TestimonialsVascular Access

NIO™

Susan M., Vascular Access Team Lead

Suzanne M, team Lead for the Vascular Team describes how the NIO™ has "been a real game changer for us."

NIO™

Manuela M., Rapid Response Nurse

Manuela M., Clinical Lead Rapid Response Nurse says "I love its (NIO) ease of use & fast placement."

NIO

Tonya S., Rapid Response & Vascular Access Team

Tanya S, RN, is a member of the Rapid Response and Vascular Access Team. "You're able to find your placement spot really quickly in bariatric patients."

NIO ™

Tasha, Nurse Educator for Anaheim Fire Department

Listen to Tasha, nurse educator for the Anaheim FD describes how the NIO™ is a cost-effective & easy-to-use device.

NIO™

Nicholas M., Assistant Chief

Assistant Chief Nicholas M. tells his firsthand account of how the NIO™ successfully established intraosseous access in a cardiac arrest code blue patient faster than our competition.

NIO™

Shane C., Paramedic, Powder River First Responders

When IV access wasn’t attainable, life-saving IO access was achieved within seconds.  

The NIO is one of the slickest tools I have used.  IO access was gained in seconds on a patient involved in a motorcycle wreck. IV access would have extended scene time especially as the injuries to the patient precluded using a tourniquet on either arm. The NIO allowed us to get fluids to the patient, where an IV wasn’t even feasible.

NIO™

Paul, Paramedic with Atlanta-Based Grady Health System

After experiencing problems with a popular drill system and manual devices, Paul, a paramedic with Grady Health Systems, decided to review the NIO™ as an option for an IO device.  

Paul Beamon is part of the reason Georgia paramedics can perform intraosseous injections. Back in the early 2000s, he approached the board that governed the state’s paramedic practice and asked for the capability, and the successful study that resulted led to IOs being added to Peach State medics’ scope of practice.

The challenge since has been finding the best tool to deliver them. Back then his service used a gun-type device with an automatic spring-loaded needle, but that could jam and cause recoil without the right technique. More recently at Atlanta-based Grady Health System, providers used a popular drill system and manual devices but had problems with cost and loss.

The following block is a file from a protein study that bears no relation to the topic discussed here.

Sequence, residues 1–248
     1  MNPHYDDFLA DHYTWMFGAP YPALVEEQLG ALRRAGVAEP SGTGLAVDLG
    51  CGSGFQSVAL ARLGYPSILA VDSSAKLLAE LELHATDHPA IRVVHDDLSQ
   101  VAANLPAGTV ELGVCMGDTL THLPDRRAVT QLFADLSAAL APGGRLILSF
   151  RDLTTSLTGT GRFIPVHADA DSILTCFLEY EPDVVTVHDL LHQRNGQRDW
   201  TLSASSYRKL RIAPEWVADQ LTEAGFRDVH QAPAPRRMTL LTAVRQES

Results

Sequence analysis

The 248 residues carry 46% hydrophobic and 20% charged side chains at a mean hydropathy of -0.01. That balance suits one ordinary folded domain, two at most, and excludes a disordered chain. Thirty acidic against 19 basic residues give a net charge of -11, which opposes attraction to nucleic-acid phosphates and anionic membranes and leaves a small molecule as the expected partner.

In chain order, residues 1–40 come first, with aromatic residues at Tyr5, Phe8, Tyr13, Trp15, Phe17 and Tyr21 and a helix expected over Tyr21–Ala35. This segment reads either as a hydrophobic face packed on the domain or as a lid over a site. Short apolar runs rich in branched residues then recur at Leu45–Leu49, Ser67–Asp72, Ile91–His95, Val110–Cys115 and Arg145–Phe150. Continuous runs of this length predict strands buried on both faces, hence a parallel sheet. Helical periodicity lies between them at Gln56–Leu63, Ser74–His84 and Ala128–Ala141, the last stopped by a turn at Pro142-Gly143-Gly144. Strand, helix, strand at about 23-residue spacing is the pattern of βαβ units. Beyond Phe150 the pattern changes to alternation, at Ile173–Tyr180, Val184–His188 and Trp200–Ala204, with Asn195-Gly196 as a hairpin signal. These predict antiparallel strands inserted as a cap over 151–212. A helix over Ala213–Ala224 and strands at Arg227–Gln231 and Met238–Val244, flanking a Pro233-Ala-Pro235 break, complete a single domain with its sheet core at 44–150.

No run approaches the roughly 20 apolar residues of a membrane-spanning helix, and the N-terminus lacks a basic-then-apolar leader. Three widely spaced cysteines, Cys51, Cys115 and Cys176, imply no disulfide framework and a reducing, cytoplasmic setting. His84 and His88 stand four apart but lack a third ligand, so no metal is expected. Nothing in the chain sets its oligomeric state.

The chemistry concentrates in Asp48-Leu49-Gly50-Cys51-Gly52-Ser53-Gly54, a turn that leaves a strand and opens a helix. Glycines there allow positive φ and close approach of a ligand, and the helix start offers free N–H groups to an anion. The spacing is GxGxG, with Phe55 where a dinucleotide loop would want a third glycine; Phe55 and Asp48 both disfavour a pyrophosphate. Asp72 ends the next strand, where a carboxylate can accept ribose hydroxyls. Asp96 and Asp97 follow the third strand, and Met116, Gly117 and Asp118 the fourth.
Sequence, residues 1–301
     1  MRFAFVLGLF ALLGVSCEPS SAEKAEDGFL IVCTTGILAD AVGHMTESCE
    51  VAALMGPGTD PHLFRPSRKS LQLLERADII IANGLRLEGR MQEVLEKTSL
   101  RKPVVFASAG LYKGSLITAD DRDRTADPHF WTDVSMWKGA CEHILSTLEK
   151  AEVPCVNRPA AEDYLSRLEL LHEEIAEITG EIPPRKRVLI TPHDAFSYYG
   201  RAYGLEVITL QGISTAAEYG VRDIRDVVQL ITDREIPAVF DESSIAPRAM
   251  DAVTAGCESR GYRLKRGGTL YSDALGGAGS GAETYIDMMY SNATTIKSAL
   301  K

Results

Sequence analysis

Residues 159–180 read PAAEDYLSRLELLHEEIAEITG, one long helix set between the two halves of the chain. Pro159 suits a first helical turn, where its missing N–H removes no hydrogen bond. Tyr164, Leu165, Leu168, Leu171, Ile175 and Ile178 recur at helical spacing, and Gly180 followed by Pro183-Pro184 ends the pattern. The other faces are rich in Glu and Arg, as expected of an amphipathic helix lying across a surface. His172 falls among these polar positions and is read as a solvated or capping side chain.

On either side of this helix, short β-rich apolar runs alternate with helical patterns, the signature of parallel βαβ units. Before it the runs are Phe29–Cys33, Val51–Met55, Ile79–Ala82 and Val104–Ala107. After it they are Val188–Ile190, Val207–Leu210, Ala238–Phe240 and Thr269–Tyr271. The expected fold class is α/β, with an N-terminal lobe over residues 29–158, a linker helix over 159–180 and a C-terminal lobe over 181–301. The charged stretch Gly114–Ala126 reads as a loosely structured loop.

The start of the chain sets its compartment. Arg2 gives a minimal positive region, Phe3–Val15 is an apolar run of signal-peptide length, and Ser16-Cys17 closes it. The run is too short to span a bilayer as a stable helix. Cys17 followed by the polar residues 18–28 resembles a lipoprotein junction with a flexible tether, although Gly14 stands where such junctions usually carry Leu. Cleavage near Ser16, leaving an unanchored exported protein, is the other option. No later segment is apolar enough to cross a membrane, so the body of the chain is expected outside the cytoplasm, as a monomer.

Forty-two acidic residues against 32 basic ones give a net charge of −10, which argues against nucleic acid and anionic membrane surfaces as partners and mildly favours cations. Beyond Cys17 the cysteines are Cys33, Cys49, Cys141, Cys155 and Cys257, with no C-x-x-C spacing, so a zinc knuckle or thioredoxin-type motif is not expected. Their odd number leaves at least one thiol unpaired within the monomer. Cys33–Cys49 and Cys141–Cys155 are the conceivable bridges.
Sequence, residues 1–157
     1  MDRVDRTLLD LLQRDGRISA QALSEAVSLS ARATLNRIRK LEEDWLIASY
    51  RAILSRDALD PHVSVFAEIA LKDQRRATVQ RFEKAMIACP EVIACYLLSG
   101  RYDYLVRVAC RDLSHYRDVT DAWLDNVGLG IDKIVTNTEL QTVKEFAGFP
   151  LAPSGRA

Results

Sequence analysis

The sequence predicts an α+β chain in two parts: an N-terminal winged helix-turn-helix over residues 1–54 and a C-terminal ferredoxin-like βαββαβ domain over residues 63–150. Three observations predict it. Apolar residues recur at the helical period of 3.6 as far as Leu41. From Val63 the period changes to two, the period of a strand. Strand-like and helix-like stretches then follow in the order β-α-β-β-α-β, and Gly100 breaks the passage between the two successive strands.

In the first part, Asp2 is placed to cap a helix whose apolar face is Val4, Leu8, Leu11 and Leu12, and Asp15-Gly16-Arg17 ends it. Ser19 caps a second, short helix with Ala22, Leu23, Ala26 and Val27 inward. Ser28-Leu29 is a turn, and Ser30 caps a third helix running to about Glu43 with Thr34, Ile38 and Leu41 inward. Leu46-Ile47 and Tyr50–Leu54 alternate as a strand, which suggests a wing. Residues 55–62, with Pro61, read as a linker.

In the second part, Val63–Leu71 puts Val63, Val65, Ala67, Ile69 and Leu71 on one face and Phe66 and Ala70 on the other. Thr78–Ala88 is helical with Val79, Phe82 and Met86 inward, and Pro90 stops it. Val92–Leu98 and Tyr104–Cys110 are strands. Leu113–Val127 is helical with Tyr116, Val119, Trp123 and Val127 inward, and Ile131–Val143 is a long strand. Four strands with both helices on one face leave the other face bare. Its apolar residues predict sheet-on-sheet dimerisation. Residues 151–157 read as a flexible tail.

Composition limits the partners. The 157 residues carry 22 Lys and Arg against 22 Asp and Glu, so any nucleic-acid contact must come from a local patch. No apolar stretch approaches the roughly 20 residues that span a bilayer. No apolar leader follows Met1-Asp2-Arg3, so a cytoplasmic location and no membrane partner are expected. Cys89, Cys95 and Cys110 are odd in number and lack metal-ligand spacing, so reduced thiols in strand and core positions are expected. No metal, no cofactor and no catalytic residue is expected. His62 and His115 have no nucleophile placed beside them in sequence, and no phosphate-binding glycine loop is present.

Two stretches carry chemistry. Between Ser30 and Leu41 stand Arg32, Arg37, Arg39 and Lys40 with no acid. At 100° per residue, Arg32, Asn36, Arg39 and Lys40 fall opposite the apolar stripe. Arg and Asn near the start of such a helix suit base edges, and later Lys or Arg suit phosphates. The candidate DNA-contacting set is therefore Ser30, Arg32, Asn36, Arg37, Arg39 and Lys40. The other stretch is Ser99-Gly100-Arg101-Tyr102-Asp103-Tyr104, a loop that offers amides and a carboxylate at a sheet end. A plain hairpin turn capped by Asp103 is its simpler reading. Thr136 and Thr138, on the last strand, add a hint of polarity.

“After reviewing the NIO and changes they’d made to it and using it a few times, I was sold,” Beamon says. “I found it very comparable with other devices, but with greater ease of use. The problems I’d experienced with previous devices were not there with this one.”

The NIO is a small, light automatic intraosseous device designed for safe, quick, and easy vascular access without drills, batteries, or extra parts. Coming assembled and ready to use, it provides vascular access in as fast as 10 seconds.

“Literally that day,” Beamon says, “we had people using it and having success and feeling great about it. It actually changed people’s minds from wanting to go back to [an alternative system] to wanting to just keep the NIO.”

That was this summer, and the positive reception has continued through the ensuing quarter.

“I’ve been very pleased with the use of the device—the success rate has been phenomenal,” Beamon says. “It’s just an all-around easy device to use, and I think patients benefit from it.”

November 2018 Issue EMS World Magazine